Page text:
Playstation 2 and Wii owners will likely be familiar with Ōkami, the adventure game set in ancient Japan that features an absolutely gorgeous wood-cut, cell-shaded graphic design.

The game puts players in control of the wolf incarnation of Shintō goddess Amaterasu, and quests them with using a magical, life-giving paintbrush to transform a dark, cursed world into one of plants, trees and flowers, as well as battling a few demons and evil spirits along the way.

On the same theme of restoration, a local website based in Rikuzentakata, a coastal town in Iwate prefecture severely damaged by the March 11 tsunami, has launched a special range of products officially backed by Capcom, the makers of Ōkami, with profits from their sale going to towards rebuilding the town and, much like the game, “restoring nature to its once beautiful state.”

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These Japanese Disaster Shelters Look a lot Like Dragon Ball Space Pods

In Dragon Ball lore, when the Saiyans would dispatch their warriors to  conquer or destroy distant planets, they would send them in spherical pod-like spaceships called Attack Balls. These vessels were built to keep their occupant safe across light years of intergalactic travel, and durable enough to withstand impact upon arrival. In short, they were the ultimate personal protective device.

What does this have to do with anything? Japanese auto parts manufacturer, Pond, has developed a disaster shelter called Life Armour that looks almost exactly like the Attack Balls from Dragon Ball.

And we bet you’ll never guess how much it costs…

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Expensive “Cybernetic Mumification” of Japan’s Tree of Hope Draws Criticism from the Net

The city of Rikuzentakata was thoroughly devastated by the March 11 tsunami.  However, following the destruction a single 27 meter 200 year-old pine tree was left standing, the sole survivor of a forest of 70,000 trees along the coast line.  The tree had become a symbol of hope for the country and local government vowed to protect it at all costs.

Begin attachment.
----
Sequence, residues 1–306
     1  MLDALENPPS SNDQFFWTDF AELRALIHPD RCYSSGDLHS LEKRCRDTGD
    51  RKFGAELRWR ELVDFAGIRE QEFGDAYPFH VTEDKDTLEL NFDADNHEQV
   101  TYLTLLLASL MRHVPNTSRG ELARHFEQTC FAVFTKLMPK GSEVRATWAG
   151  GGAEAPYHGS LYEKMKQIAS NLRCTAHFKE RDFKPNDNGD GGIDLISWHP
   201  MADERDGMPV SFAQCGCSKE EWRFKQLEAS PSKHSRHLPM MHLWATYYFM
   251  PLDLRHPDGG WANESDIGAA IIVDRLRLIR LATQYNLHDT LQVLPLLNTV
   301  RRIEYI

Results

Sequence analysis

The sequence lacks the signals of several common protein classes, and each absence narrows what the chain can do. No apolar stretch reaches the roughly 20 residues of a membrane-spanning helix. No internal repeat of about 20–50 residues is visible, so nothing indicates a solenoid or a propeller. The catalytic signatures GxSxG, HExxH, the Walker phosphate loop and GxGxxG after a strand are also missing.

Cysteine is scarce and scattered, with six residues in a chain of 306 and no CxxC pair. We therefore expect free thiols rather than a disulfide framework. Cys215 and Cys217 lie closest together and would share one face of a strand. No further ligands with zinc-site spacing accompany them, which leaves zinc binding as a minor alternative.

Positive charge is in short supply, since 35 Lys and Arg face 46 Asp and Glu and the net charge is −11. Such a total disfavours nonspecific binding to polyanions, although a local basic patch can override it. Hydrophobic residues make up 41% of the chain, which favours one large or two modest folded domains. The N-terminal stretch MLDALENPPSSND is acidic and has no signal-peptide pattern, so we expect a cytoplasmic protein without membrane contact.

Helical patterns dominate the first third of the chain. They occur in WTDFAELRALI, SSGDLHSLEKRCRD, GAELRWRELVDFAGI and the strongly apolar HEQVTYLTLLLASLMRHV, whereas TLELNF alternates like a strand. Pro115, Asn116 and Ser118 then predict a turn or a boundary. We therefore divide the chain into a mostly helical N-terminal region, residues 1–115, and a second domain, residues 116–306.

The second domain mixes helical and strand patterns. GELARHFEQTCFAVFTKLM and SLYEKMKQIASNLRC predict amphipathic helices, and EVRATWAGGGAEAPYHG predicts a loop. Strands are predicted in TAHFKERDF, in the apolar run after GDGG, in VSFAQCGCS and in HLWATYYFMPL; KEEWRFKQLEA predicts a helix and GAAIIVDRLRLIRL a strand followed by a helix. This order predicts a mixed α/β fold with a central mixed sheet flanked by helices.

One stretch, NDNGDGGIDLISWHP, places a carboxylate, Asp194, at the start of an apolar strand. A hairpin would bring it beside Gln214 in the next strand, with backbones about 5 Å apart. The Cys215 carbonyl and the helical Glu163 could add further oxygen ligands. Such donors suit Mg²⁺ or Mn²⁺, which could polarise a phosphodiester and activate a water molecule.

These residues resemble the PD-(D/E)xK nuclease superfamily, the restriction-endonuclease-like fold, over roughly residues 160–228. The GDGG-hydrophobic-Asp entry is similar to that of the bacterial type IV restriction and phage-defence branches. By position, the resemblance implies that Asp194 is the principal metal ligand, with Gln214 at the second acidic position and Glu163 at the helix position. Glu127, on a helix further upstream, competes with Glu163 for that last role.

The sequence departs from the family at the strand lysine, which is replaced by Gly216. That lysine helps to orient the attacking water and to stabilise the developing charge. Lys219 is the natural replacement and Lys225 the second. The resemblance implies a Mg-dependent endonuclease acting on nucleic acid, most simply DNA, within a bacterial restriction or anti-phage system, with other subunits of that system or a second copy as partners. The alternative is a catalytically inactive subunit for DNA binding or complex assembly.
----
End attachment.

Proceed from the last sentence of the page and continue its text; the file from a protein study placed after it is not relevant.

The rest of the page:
However, for the past year the tree’s health had been fading fast and it doesn’t have much longer to live.  And so the city’s government is going to enact a preservation scheme which is rubbing Japanese netizens the wrong way due to its 150,000,000 yen (US$1.9M) price tag.

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Japan Set to Erect 7.5 Meter Middle Finger Salute to Incoming Tsunamis

Needless to say, Japan has had their fill of Tsunamis.  After the devastation of the 11 March Tohoku earth quake, the nation would like to give a huge FU to any future tsunami coming our way.

And so, three huge Japanese contractors are working on a special surprise for the next tsunami that tries to hit the shores of Wakayama prefecture in the form of a gigantic steel column. If successful it would be so poetically beautiful… if the Japanese only knew the beauty of the middle finger.

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Lovers’ Final Emails Moments Before Tsunami: “Don’t get yourself killed!”

Text messages sent from Arisa Miura, a city worker who died in the tsunami that struck Minami-Sanriku in Miyagi Prefecture, and her boyfriend were released to the press on March 5th. In the 5 texts, which were sent between the two lovers after the earthquake and before Miura was swept away, one can see the depth of their affection in their consideration for the other’s safety even in a hectic emergency situation. Read More